Since it was first excavated by Beno Rothenberg in 1965, Site 39B at Timna lies at the center of a controversial debate regarding its chronology. The excavator believes that the site and the copper producing installation located there were used in the Chalcolithic period and thus the installation constitutes the earliest example of its kind in the world. This determination has been called into question numerous times, among other things due to the 1st century CE radiometric dating from the walls of the installation, which the excavator contends is evidence of its secondary use.
As part of the current study the quality of copper slag was examined as a recorder of the intensity of the geomagnetic field. A series of experiments that were conducted on hundreds of slag specimens from twenty eight archaeometallurgic sites in Israel and Jordan produced unparalleled results in their quality and have demonstrated the highest percentage of success in comparison with experiments based on other materials (e.g. fired clay). The reliability of the material as an archaeomagnetic recorder made it possible for us to construct a dependable intensity change curve to the period limited to the time from the beginning of the appearance of metallurgy in human society, i.e. the past six thousand five hundred years. This curve is currently based on dates that were derived from an archaeological context and show acute and frequent changes in the strength of the geomagnetic field.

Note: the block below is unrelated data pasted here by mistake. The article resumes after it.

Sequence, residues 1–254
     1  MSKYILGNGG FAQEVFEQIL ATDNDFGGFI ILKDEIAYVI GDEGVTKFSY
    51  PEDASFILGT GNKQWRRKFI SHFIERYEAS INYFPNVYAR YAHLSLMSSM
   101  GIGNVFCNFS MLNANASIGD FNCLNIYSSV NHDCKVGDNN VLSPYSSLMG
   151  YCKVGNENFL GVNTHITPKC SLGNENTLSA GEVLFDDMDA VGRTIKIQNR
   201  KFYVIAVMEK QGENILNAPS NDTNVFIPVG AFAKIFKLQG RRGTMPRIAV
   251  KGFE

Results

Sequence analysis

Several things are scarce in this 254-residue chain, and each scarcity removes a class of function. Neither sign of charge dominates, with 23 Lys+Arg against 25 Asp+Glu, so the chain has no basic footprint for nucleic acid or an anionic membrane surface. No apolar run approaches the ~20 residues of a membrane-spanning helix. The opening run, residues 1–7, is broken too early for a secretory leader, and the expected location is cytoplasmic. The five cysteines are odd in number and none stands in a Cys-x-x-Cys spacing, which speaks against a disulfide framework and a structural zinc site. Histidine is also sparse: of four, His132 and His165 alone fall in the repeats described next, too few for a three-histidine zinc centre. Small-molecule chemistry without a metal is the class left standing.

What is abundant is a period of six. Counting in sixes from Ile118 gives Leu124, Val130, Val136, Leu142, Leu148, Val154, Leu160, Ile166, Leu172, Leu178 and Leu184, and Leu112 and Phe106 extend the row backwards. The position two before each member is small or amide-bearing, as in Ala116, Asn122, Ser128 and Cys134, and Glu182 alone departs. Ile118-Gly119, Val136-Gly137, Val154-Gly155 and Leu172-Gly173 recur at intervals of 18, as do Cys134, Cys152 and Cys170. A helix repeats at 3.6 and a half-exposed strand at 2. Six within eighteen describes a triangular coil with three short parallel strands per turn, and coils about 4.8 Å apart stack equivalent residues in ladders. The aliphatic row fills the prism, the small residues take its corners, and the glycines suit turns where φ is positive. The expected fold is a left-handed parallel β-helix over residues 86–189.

The archaeomagnetic results that were received from the slag specimens from Site 39B at Timna show three distinct and different groups of geomagnetic intensity. One group shows a high intensity (~77μΤ), compatible with the peak that was documented at the end of the Late Bronze Age and beginning of the Iron Age and indicative of metallurgical activity at the site combined with a broader picture of intensive activity in the entire region during the period under discussion. A second group shows a medium intensity (~48μΤ) that can match a number of time periods, among them the Early Roman period, which is represented at the site by the radiometric dating results. The third group shows a low intensity (~33μΤ) which is compatible with the low point that was documented in the Chalcolithic period and attests to metallurgical activity at the site during that time. If this is indeed the case, then the results of the experiments corroborate Rothenberg’s position representing a multi-period site that had its beginnings with the start of metallurgy in the Chalcolithic period.